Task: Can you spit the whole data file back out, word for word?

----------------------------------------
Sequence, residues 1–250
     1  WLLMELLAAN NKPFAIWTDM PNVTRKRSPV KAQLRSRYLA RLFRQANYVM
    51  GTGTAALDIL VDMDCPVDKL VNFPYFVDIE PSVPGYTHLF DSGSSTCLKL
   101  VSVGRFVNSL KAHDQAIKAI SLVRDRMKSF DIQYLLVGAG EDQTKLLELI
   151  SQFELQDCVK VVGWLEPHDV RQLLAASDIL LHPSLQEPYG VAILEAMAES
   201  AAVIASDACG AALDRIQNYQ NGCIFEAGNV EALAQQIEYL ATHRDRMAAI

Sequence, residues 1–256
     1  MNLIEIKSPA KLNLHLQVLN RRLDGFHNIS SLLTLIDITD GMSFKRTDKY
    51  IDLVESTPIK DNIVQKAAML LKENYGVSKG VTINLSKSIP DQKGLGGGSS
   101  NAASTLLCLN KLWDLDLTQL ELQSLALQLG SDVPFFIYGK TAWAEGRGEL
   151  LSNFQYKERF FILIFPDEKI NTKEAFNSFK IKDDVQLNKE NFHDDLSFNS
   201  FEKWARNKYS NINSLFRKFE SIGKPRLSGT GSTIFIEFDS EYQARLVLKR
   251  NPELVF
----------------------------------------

Sequence, residues 1–250
     1  WLLMELLAAN NKPFAIWTDM PNVTRKRSPV KAQLRSRYLA RLFRQANYVM
    51  GTGTAALDIL VDMDCPVDKL VNFPYFVDIE PSVPGYTHLF DSGSSTCLKL
   101  VSVGRFVNSL KAHDQAIKAI SLVRDRMKSF DIQYLLVGAG EDQTKLLELI
   151  SQFELQDCVK VVGWLEPHDV RQLLAASDIL LHPSLQEPYG VAILEAMAES
   201  AAVIASDACG AALDRIQNYQ NGCIFEAGNV EALAQQIEYL ATHRDRMAAI

Sequence, residues 1–256
     1  MNLIEIKSPA KLNLHLQVLN RRLDGFHNIS SLLTLIDITD GMSFKRTDKY
    51  IDLVESTPIK DNIVQKAAML LKENYGVSKG VTINLSKSIP DQKGLGGGSS
   101  NAASTLLCLN KLWDLDLTQL ELQSLALQLG SDVPFFIYGK TAWAEGRGEL
   151  LSNFQYKERF FILIFPDEKI NTKEAFNSFK IKDDVQLNKE NFHDDLSFNS
   201  FEKWARNKYS NINSLFRKFE SIGKPRLSGT GSTIFIEFDS EYQARLVLKR
   251  NPELVF